The Dimon Estate, formerly the Jamesport Manor Inn, on Manor Lane in Jamesport. Photo: Denise Civiletti

The Dimon Estate in Jamesport has canceled all weddings it had booked for 2022, after the Town of Riverhead refused to issue a tent permits to the restaurant.

“I canceled the whole season,” caterer Matt Kar, principal of Kar-McVeigh, which owns the property, said in an interview last week. Kar said he couldn’t take the chance that the town would shut him down and he’d have to cancel weddings at the very last minute.

“I’m doing my best to try to help my clients book other sites on the North Fork, so they won’t have to change their hotel reservations and other arrangements. I would still do the catering,” he said.

“The denial of the tent permit would naturally flow from the ZBA decision,” Riverhead Town Attorney Erik Howard said in a phone interview Tuesday. “When the tent permit applications came in, the fire marshal got an opinion from our outside counsel, who said the tent permit can be denied based on the ZBA decision.”

The Riverhead Zoning Board of Appeals on April 14 upheld, after a long court battle with Kar-McVeigh, the 2008 and 2009 determinations by former Riverhead Planning Director Rick Hanley. Hanley refused to accept Kar-McVeigh’s site plan applications, stating that Kar-McVeigh’s plans to use a temporary tent or build a barn for catered events was the expansion of a pre-existing, nonconforming use and required a special permit from the town board. The ZBA in 2009 denied Kar-McVeigh’s appeal of Hanley’s determination and the applicant went to court. In 2013, a State Supreme Court judge ordered the ZBA to re-hear the restaurant’s appeal. That hearing was finally held on March 24 this year, and on April 14, the ZBA upheld Hanley’s determination again.

In the interim, the town last year sued Kar-McVeigh, seeking a permanent injunction to prevent outdoor catered events at the site. The town asked the court to issue a preliminary injunction against outdoor events, outdoor catering and the use of tents at the Dimon Estate while the action is pending, but last week, the court declined to do so. The court also declined to restrict the use of “sound reproduction devices” in a manner to cause “unreasonable noise.”

Earlier this month, the town board also passed an amendment to the town’s noise ordinance to prohibit as “noise pollution” the use of “any sound reproductive device” in a manner that is “plainly audible” from a neighboring inhabitants [sic] real property line, in a manner that “disturb[s] the peace, quiet and comfort of the neighboring inhabitants.”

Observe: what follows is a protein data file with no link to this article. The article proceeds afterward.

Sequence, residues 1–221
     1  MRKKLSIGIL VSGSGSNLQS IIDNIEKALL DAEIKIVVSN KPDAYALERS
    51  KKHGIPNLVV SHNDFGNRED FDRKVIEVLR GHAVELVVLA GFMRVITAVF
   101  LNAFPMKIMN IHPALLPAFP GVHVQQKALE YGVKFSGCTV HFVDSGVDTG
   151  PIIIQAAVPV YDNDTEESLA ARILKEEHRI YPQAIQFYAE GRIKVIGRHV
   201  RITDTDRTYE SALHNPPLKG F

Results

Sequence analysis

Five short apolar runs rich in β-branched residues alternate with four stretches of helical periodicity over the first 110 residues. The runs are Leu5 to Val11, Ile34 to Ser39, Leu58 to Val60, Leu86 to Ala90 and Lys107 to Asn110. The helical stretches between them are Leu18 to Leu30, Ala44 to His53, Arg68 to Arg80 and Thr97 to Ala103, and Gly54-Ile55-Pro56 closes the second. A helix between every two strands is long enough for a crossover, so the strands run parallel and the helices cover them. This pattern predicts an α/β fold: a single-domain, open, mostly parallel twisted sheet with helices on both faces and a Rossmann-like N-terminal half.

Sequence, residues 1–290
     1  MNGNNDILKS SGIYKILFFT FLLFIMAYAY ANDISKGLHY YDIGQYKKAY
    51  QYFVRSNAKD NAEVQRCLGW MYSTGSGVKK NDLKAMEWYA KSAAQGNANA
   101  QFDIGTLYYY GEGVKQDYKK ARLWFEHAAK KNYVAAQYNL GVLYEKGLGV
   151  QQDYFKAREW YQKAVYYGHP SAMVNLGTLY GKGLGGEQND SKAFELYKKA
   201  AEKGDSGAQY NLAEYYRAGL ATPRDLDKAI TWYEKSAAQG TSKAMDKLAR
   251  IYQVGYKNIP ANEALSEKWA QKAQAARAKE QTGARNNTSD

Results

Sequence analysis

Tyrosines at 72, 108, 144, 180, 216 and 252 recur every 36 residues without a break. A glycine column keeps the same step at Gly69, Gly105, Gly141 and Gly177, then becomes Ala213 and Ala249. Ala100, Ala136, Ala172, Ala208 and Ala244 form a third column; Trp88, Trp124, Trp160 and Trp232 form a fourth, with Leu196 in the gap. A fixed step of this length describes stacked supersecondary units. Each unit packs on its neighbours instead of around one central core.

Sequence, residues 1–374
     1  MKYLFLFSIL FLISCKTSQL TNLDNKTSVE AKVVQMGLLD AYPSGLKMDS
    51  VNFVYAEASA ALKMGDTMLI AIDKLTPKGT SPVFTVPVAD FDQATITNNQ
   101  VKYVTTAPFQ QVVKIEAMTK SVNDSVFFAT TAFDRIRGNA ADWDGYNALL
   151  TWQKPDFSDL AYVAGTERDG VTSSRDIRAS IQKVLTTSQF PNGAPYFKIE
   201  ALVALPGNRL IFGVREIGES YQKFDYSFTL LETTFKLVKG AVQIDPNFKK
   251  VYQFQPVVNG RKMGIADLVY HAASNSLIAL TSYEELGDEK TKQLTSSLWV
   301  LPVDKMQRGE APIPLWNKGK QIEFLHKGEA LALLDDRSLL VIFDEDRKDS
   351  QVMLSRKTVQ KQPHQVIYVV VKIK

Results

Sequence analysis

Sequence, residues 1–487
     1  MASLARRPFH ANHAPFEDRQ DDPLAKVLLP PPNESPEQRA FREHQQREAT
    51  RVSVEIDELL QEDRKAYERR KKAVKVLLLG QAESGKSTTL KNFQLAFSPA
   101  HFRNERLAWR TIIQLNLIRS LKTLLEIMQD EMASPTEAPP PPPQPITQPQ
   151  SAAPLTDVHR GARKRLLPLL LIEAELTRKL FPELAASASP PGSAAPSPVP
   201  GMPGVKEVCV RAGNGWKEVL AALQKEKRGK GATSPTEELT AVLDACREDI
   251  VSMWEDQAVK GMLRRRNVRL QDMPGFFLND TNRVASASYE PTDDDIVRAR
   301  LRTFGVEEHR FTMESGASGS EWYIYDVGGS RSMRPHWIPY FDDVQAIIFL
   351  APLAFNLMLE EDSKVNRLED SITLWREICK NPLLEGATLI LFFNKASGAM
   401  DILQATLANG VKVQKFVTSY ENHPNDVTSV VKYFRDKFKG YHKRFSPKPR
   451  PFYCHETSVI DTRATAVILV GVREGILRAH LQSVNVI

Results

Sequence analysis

“Plainly audible” is defined by the amendment as “[a]ny sound that can be detected by a person using his or her unaided hearing faculties.

Kar said he thought the noise ordinance amendment was aimed directly at him and was concerned about his event bookings. But when the town refused to issue his tent permits, something that never happened before, he decided he had no choice but to cancel the dozens of bookings he’d already made for this year.

He hasn’t canceled 2023 weddings, Kar said. He’s planning to mount a legal challenge to the April 14 Zoning Board of Appeals decision that the town is relying on to refuse the tent permits, as well as the amendment to the noise ordinance.

“You know, the whole problem was noise,” Kar said. “There was one time they were in violation. And this year, I gave him a plan to show that I was going to do mitigation for the sound so there’d be no problem,” he said. Kar said the mitigation plan was prepared by a sound engineer.

“And as soon as I said that, they come up with that law that you can’t hear anything coming off somebody’s property,” he said. “That doesn’t just affect me. It affects every single person that lives in Riverhead. You can’t have a graduation party, you can’t — you can’t basically have anything,” he said. “How will this not affect the wineries and breweries and other restaurants? So, you know, I said to myself, this law is never going to be able to be enforced. But I felt like they were targeting me.”

Kar said he can’t explain why the town would “target” his business, but, he said, the town’s actions against him are hurting not only his business and his clients, but a host of other local businesses that do business with his wedding parties: hotels, limousines, florists, bakeries, photographers and other restaurants that book dinners and parties before and after the weddings, he said. “It’s thousands and thousands of dollars being pumped into the local economy for each event.”

The legal battles between the town and Kar-McVeigh date back to the early 2000s. In 2004 the Riverhead ZBA held “it is reasonable to conclude that catering is a type of restaurant use that can be a principal or accessory use and unless specifically excluded, is a permitted use where a restaurant use is permitted.” The 2004 ZBA decision was upheld by a court in 2007, after a legal challenge by residents.

Over the years, the restaurant’s outdoor catering operations have drawn numerous noise complaints from area residents.

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Denise is a veteran local reporter, editor, attorney and former Riverhead Town councilwoman. Her work has been recognized with numerous awards, including investigative reporting and writer of the year awards from the N.Y. Press Association. She is a founder, owner and co-publisher of this website.Email Denise.